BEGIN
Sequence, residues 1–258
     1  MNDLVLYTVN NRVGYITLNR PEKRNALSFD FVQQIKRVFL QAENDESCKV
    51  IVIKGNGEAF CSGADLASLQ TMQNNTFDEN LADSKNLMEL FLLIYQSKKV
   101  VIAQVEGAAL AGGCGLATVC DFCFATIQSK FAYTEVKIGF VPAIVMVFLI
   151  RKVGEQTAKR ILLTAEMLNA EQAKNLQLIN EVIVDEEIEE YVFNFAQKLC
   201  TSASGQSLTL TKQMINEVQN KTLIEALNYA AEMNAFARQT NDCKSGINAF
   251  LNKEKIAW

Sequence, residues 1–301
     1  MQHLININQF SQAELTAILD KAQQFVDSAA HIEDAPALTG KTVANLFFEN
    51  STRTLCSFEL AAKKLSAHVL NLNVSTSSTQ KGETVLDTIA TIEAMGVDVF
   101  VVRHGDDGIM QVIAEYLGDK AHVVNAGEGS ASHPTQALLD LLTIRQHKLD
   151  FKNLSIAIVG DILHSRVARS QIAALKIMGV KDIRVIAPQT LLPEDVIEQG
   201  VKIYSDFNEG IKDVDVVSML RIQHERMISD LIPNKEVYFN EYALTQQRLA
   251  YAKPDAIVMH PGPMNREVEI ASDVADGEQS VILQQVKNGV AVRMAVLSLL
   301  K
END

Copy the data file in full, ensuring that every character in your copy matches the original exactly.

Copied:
Sequence, residues 1–258
     1  MNDLVLYTVN NRVGYITLNR PEKRNALSFD FVQQIKRVFL QAENDESCKV
    51  IVIKGNGEAF CSGADLASLQ TMQNNTFDEN LADSKNLMEL FLLIYQSKKV
   101  VIAQVEGAAL AGGCGLATVC DFCFATIQSK FAYTEVKIGF VPAIVMVFLI
   151  RKVGEQTAKR ILLTAEMLNA EQAKNLQLIN EVIVDEEIEE YVFNFAQKLC
   201  TSASGQSLTL TKQMINEVQN KTLIEALNYA AEMNAFARQT NDCKSGINAF
   251  LNKEKIAW

Sequence, residues 1–301
     1  MQHLININQF SQAELTAILD KAQQFVDSAA HIEDAPALTG KTVANLFFEN
    51  STRTLCSFEL AAKKLSAHVL NLNVSTSSTQ KGETVLDTIA TIEAMGVDVF
   101  VVRHGDDGIM QVIAEYLGDK AHVVNAGEGS ASHPTQALLD LLTIRQHKLD
   151  FKNLSIAIVG DILHSRVARS QIAALKIMGV KDIRVIAPQT LLPEDVIEQG
   201  VKIYSDFNEG IKDVDVVSML RIQHERMISD LIPNKEVYFN EYALTQQRLA
   251  YAKPDAIVMH PGPMNREVEI ASDVADGEQS VILQQVKNGV AVRMAVLSLL
   301  K